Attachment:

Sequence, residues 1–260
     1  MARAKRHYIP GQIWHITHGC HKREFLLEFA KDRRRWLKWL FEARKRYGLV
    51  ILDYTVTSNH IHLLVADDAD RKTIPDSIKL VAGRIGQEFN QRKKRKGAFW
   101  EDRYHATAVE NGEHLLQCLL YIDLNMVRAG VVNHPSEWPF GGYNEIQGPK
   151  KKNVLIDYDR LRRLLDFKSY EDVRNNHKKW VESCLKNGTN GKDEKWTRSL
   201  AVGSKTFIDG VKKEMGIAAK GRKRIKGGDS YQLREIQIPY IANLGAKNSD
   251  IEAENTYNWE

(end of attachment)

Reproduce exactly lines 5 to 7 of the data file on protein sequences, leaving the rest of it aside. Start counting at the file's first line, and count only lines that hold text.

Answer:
   151  KKNVLIDYDR LRRLLDFKSY EDVRNNHKKW VESCLKNGTN GKDEKWTRSL
   201  AVGSKTFIDG VKKEMGIAAK GRKRIKGGDS YQLREIQIPY IANLGAKNSD
   251  IEAENTYNWE